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Cities Need to be Made More Environmentally Sustainable

Suppose a real-estate developer in Manhattan is constructing a new office building, and the architect decides to use granite as a primary material. There is a good chance the granite will come from a quarry in Minais Gerais, in southeastern Brazil. From there, it may well be shipped to Carrara, in northern Italy, where much high-grade stone is processed into building-ready form. Then the granite will be shipped to New York, although some of it may be rejected, leading to new rounds of cutting, shipping, and inspections on three continents.

Two representations of cities, defined by the resources they consume: An energy-intensive city on the left, and a material-intensive city on the right. Courtesy of MIT Press

In short, a whole lot of carbon emissions have been produced in the service of that impressive new skyscraper in New York.

Such an example is “cautionary,” as Paulo Ferrão and John Fernandez write in their new book about making cities more environmentally sustainable. It suggests, they observe, “the ease with which one individual, a well-educated modern professional, can set forth the movement of massive amounts of materials and the expenditure of enormous amounts of energy globally in the effort to provide a service locally.”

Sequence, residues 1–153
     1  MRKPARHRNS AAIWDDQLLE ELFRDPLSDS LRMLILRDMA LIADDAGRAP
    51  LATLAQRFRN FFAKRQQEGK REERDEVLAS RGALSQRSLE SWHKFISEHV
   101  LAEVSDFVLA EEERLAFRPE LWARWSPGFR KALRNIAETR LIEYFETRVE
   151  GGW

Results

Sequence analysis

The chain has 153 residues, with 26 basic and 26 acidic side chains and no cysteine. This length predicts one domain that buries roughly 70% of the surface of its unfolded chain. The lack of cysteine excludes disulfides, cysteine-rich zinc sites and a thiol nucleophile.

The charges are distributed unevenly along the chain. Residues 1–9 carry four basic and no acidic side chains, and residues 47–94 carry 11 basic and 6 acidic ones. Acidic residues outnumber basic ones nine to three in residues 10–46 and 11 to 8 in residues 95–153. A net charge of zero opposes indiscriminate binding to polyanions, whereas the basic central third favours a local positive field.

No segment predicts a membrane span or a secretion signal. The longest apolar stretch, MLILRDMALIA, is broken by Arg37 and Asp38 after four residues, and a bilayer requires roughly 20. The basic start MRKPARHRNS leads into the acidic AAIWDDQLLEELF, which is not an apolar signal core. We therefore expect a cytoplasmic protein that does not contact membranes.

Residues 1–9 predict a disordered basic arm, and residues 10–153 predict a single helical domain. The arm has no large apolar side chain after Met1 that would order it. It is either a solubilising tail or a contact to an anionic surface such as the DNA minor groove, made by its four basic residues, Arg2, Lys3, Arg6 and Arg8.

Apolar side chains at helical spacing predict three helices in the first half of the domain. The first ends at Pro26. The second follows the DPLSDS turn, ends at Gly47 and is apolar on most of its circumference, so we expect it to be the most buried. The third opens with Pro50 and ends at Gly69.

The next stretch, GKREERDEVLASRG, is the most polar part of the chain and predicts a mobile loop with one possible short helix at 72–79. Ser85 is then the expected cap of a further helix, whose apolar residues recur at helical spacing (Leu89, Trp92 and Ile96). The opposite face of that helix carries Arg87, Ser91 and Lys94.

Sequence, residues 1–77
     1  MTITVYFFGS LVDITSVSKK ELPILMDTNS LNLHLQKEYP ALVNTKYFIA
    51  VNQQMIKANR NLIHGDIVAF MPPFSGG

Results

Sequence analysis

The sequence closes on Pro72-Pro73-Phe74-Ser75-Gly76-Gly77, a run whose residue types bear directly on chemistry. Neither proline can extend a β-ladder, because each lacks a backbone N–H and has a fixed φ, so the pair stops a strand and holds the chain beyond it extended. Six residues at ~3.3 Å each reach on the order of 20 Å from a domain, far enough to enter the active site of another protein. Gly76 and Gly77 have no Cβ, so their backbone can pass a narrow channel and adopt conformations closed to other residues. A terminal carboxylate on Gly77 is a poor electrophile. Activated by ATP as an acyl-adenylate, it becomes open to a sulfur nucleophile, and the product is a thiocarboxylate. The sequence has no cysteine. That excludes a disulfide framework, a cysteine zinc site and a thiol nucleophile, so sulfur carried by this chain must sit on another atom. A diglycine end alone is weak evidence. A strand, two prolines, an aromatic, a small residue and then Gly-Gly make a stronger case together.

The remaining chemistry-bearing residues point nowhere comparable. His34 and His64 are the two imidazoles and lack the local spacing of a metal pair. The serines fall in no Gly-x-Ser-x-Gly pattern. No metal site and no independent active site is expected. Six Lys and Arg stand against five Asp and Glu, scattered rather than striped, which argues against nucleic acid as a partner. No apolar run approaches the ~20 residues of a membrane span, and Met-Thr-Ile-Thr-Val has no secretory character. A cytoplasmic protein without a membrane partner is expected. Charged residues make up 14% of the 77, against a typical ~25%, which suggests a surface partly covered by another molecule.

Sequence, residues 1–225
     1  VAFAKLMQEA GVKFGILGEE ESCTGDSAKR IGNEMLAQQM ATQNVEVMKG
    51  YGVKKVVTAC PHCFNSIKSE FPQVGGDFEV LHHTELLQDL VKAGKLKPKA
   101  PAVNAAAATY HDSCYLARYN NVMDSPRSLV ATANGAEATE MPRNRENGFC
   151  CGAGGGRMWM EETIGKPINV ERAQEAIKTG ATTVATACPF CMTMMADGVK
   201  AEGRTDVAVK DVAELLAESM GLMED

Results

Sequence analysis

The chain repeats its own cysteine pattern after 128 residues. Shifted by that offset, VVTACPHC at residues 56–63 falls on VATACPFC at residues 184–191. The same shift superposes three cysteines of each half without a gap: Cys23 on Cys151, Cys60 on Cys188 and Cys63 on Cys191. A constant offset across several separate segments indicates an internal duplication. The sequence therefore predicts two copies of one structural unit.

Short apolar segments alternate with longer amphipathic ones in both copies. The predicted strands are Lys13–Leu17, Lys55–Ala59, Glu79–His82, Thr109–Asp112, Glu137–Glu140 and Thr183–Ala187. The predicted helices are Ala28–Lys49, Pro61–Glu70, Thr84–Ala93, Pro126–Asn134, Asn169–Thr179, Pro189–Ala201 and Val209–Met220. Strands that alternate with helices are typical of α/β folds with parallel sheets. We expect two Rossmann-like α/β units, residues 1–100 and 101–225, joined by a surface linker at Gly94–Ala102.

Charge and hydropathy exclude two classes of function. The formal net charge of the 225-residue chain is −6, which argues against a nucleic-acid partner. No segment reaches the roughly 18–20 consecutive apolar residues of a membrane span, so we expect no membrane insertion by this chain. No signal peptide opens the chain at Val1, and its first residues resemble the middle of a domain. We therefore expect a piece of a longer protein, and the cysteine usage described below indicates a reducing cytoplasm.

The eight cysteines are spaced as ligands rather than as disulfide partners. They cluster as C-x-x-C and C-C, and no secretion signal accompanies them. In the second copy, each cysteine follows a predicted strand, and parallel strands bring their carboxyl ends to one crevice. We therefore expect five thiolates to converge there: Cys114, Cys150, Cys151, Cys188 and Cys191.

For this reason, in the book, “Sustainable Urban Metabolism,” newly published by MIT Press, the authors set out a new program for doing something that has not yet been achieved: understanding just how many resources cities consume, and establishing, in effect, a holistic framework for producing an environmental balance sheet for every city.

“The world needs to make a shift to become more sustainable,” says Ferrão, who is the director of the MIT-Portugal Program and a mechanical engineer by training. “Cities are really the engines of growth, so whatever is going to happen in the world will happen in cities, particularly consumption of material resources.” Indeed, some organizations estimate that about half the world’s people now live in cities, a number likely to increase.

To be clear, as the authors emphasize, actually quantifying the natural resources that a city consumes, and the emissions it produces — the “metabolism” of the book’s title — is a hard problem, because there are so many factors involved. In essence, their book is a blueprint for researching this difficult topic.

After all, when it comes to reducing their environmental footprints, “Cities are under huge amounts of pressure to articulate their paths forward,” says Fernandez, an associate professor of architecture and building technology and engineering systems at MIT, and an expert on the materials used in building construction. “But if they don’t know what they’re consuming now, how are they supposed to articulate environmental targets, such as a 20 percent reduction in carbon emissions in the next 10 years?”

A paradigm shift in improving cities